Do you ever call a MAYDAY on your mental well-being?

We are all familiar with the term "Mayday". We use it to inform ATC that we are in distress and, that, whilst dealing with the cause of the distress, we require urgent assistance from them.

Emergencies are trained regularly during our simulator recurrency and conversion training. Through practice and careful analysis of our performance we become trained so that our actions are almost instinctive and our confidence in effectively handling an abnormal event is reinforced.

But what about the psychological effects to significant stresses in our work situation or personal space that directly affects our ability to perform our jobs? Strong emphasis is placed on our physical well-being, but how do we deal with a psychological state of not being fit to fly?

This is where Mayday-SA comes in.

Mayday-SA is comprised of Pilots volunteering from across the aviation spectrum, trained to assist all aviation license holders in South Africa in matters of mental significance.

The volunteers are all pilots, and your Peers, who have developed skills through their training by professionals, and by leading international specialists in the field. These volunteers are not counselors or psychologists, but fellow aviators who understand your world. They are skilled at debriefing and their prime goal is to help you cope with the effects of your scenario in a healthy way. By giving you space and guidance you can talk about your situation confidentially. The volunteers are also trained to determine whether more professional help is required, so you may be referred to specialists for extra assistance. Your anonymity, privacy and autonomy will be respected by the team member working with you. There is absolutely no reporting by the team member to any management or union members, or to bosses, colleagues, CAA, spouses, family members, friends or outside people and organizations, and your interactions with the team will not form part of any investigation.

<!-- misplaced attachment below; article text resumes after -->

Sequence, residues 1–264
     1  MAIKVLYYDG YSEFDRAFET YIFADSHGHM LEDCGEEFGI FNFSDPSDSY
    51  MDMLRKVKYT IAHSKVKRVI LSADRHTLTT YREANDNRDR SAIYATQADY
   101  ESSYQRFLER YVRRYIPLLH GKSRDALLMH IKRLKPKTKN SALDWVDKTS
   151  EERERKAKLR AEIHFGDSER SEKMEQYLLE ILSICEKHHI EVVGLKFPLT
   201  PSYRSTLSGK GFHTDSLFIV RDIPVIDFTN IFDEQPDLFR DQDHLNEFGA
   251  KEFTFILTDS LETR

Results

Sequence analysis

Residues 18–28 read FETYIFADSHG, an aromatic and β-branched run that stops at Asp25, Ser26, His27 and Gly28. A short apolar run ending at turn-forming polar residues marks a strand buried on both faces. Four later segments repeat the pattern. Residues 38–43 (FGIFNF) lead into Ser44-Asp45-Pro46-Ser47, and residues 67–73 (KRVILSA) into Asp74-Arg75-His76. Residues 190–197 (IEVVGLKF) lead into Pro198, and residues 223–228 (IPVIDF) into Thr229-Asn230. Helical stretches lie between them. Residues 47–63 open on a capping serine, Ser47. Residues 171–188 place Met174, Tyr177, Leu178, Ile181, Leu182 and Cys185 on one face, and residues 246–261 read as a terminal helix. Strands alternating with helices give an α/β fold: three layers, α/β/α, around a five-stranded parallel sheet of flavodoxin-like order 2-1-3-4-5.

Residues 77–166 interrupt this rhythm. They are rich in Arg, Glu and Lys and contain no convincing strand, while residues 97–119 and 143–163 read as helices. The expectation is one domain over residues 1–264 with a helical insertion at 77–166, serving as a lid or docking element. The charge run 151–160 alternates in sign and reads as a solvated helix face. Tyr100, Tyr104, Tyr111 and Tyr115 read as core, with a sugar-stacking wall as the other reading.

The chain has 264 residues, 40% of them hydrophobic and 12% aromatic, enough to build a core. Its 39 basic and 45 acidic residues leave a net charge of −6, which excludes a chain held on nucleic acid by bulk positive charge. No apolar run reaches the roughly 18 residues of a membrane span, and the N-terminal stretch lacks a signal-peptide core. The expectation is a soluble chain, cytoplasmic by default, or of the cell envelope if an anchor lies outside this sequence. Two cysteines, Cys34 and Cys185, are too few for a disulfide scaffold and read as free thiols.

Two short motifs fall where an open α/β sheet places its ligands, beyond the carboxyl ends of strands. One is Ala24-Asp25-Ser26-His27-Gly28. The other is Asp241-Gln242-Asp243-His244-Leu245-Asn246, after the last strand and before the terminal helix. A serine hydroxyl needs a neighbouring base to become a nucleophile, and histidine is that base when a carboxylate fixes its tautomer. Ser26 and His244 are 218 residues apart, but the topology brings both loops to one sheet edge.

The sole purpose of their conversation with you is to help you get back to your normal life as quickly as possible whilst allowing you space to deal with your reactions to whatever it was that threatened you in the first place. The "threat" may not even have been aviation-linked.

With its own dedicated phone number, Mayday-SA can be contacted via a 24-hour call centre. Following a call, SMS messages are sent from the Call Centre to the Peer volunteers, one of whom will respond within less than 6 hours. Once a volunteer makes contact, the caller is given an opportunity to speak about the incident and is led through the conversation in a manner that allows him or her to process the facts of what happened without fear of recrimination. The Peer volunteer guides the conversation so that it helps the caller relieve stress and come to terms with what happened. The Peer volunteer is also able to educate the caller on the possible effects an incident may have on him or her and what they can expect as they work through it in the days that follow. As mentioned above, the caller is only referred to a professional should the volunteer consider further assistance may be in the caller's best interest, or if the caller specifically requests it.

The volunteer Peers are purely there to assist you. If you are needing to talk with one of the Peer Team contact the Mayday-SA Call Centre number is 012-333 6000 - and ask for Mayday.

This crucial support service however cannot be done without your involvement and as such we are looking to expand our team of volunteers.

We are encouraging applications and direct your attention to the advert as such.

Aviation Safety

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